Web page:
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Anaphylaxis: Nursing Process (ADPIE)



Jocelyn Williams is a 18-year-old female client with a history of severe peanut allergy who is brought to the emergency department, or ED, via paramedics after accidentally eating a cookie that contained peanuts.

After a few bites she felt a tingling sensation in her mouth and lips and her tongue started to swell. She could not find her EpiPen, so her roommate called 911.

Upon arrival to the ED, the paramedic reports that Jocelyn’s face was flushed and swollen at the time of their arrival; she had generalized hives, tachypnea, and labored respirations.

Her initial vital signs were tympanic temperature 98.7 F or 37 C, heart rate 126 beats per minute, respiratory rate 32 breaths per minute with audible wheezing, blood pressure 96/60, and SpO2 87% on room air.

They administered one dose of epinephrine IM per protocol, and placed her on a non-rebreather mask at 10L/min.

Anaphylaxis is a severe allergic reaction that affects multiple organ systems and can be life-threatening.

Now, allergic reactions typically happen when the immune system overreacts and starts targeting harmless antigens that don’t cause any problems for most people.

These include antigens found in certain foods like peanuts, eggs, and shellfish, as well as venom from insect bites or bee stings.

Other antigens include certain medications, such as antibiotics like penicillin, as well as NSAIDs, or streptokinase, which is used as a thrombolytic therapy.

In addition, some clients can develop allergic reactions when exposed to latex or radiocontrast agents used for imaging techniques like a CT scan or MRI.

Now, let’s say a person gets stung by a bee for the first time. So the first time these antigens enter the body, they get picked up and recognized by immune cells, called dendritic cells.

These then activate other immune cells, the T lymphocytes, which in turn stimulate B lymphocytes to secrete IgE antibodies into the bloodstream.

IgEs then bind to the surface of mast cells and basophils, which are immune cells that are full of granules that contain proinflammatory molecules like histamine.

Later on, if the same person gets stung by a bee again, their mast cells and basophils, which already have IgE antibodies on their surface, are able to recognize the antigens and release their proinflammatory molecules, triggering an allergic reaction.

In most cases, this would cause some localized damage, like a swelling around the sting site, but sometimes things get really serious, and there’s massive release of proinflammatory molecules into the bloodstream.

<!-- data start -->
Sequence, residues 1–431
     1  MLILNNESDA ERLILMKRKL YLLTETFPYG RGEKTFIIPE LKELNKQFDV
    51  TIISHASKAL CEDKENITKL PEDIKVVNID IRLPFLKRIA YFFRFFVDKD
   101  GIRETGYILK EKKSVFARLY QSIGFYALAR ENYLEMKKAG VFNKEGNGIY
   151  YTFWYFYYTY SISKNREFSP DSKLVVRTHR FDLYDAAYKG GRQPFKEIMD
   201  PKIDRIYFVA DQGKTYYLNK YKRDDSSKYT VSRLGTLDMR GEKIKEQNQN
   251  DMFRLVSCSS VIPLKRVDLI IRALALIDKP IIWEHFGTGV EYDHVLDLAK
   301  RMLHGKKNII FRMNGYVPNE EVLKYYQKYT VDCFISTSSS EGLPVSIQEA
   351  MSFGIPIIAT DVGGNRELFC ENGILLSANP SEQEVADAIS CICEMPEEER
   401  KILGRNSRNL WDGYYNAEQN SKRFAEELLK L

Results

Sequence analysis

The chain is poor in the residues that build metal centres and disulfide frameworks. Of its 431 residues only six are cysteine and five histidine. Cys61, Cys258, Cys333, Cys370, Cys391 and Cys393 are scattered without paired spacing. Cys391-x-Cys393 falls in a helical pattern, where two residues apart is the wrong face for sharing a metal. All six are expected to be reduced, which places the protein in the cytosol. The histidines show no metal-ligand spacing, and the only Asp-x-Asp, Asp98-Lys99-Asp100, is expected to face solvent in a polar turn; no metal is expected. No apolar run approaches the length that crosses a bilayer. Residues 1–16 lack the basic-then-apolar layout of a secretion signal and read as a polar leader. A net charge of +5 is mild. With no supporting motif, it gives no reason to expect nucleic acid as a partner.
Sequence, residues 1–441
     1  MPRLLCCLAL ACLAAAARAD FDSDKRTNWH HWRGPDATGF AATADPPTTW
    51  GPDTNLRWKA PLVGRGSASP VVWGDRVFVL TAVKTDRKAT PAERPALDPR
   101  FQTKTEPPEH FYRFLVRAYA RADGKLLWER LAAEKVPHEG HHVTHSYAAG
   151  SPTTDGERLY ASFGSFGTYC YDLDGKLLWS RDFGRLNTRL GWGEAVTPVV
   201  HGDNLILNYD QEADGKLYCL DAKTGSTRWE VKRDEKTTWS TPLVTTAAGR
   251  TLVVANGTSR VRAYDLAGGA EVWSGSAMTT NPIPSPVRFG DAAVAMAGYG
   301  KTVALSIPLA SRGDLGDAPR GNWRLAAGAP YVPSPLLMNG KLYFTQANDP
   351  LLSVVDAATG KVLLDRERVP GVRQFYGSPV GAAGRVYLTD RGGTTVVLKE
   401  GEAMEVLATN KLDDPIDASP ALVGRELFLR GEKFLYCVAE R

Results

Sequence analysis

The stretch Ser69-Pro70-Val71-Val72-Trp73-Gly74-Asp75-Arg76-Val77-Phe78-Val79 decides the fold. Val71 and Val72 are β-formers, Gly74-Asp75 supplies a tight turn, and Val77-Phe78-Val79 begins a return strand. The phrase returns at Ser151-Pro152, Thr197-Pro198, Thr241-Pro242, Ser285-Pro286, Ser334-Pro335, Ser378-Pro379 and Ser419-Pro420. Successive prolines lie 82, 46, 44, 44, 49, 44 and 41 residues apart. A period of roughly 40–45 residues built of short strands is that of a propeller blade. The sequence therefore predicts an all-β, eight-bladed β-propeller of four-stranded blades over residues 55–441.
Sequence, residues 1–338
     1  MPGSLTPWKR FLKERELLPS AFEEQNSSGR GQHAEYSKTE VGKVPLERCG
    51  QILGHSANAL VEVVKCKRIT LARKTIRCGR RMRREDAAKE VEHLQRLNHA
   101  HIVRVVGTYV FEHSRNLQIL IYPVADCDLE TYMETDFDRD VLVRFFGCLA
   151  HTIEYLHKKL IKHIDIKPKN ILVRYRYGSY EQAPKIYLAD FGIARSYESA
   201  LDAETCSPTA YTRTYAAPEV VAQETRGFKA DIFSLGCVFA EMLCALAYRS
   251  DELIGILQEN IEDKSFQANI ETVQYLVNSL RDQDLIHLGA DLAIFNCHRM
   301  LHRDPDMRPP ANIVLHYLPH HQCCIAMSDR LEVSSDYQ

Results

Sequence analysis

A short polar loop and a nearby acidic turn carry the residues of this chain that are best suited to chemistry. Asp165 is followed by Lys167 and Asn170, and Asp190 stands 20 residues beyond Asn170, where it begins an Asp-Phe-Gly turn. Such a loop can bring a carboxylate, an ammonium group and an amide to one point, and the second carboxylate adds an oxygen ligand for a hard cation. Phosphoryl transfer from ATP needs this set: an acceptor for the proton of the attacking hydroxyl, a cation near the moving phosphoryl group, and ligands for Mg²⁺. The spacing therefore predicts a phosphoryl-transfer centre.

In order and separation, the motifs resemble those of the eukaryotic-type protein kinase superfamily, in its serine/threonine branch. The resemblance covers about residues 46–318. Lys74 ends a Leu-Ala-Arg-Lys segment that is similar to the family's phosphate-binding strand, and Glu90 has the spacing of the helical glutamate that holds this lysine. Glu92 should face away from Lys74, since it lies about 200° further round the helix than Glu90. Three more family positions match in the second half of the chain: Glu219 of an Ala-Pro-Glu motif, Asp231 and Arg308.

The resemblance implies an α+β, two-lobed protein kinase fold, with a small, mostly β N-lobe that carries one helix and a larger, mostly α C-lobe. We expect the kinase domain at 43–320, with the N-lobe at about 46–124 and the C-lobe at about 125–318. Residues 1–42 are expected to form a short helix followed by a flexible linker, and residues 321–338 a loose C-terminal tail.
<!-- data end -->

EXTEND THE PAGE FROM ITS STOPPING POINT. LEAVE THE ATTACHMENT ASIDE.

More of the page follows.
When the allergic reaction involves two or more organ systems, such as the cutaneous, respiratory, cardiovascular, and gastrointestinal systems, it’s called anaphylaxis.

Now, there are some factors that may put the client at risk of anaphylaxis, such as atopy, which means having a genetic predisposition to allergic reactions, including allergic rhinitis, asthma, and atopic dermatitis.

Other risk factors include having a personal or family history of anaphylaxis. Symptoms of anaphylaxis typically start right after exposure to the antigen, and usually peak within 30 minutes.

These include angioedema, where tissues all over the body might start to swell up, including the eyes, mouth, tongue, and throat.

Angioedema is often associated with cutaneous manifestations like urticaria, which presents with a skin rash and pruritus, as well as flushing of the skin.

Anaphylaxis can also cause respiratory symptoms like chest tightness, shortness of breath, coughing, and wheezing, as well as gastrointestinal symptoms like abdominal pain, vomiting, and diarrhea.

Now, if not promptly treated, anaphylaxis can progress to serious complications like laryngeal edema, which can cause upper airway obstruction and even respiratory arrest.

In some cases, the massive release of proinflammatory molecules can lead to widespread vasodilation, which results in severe hypotension.

If blood pressure gets so low that it can’t supply vital organs, like the heart or brain, it’s called anaphylactic shock.

Reduced blood supply to the heart could cause myocardial infarction, especially in clients who already have an underlying heart disease, while reduced blood supply to the brain can cause loss of consciousness. Finally, if not promptly treated, anaphylaxis can lead to death.

Diagnosis of anaphylaxis is typically based on history and physical examination, as well as identifying a likely exposure and trigger.

One way to identify an allergic trigger is through skin prick tests, where small drops of allergens are pricked into the skin with a tool, to see if there’s evidence of an allergic reaction, like raised, itchy, red bumps or weals. Finally, specific lab tests like histamine and IgE levels are usually elevated.

Now, anaphylaxis is a medical emergency that needs immediate treatment, starting by ensuring a patent airway.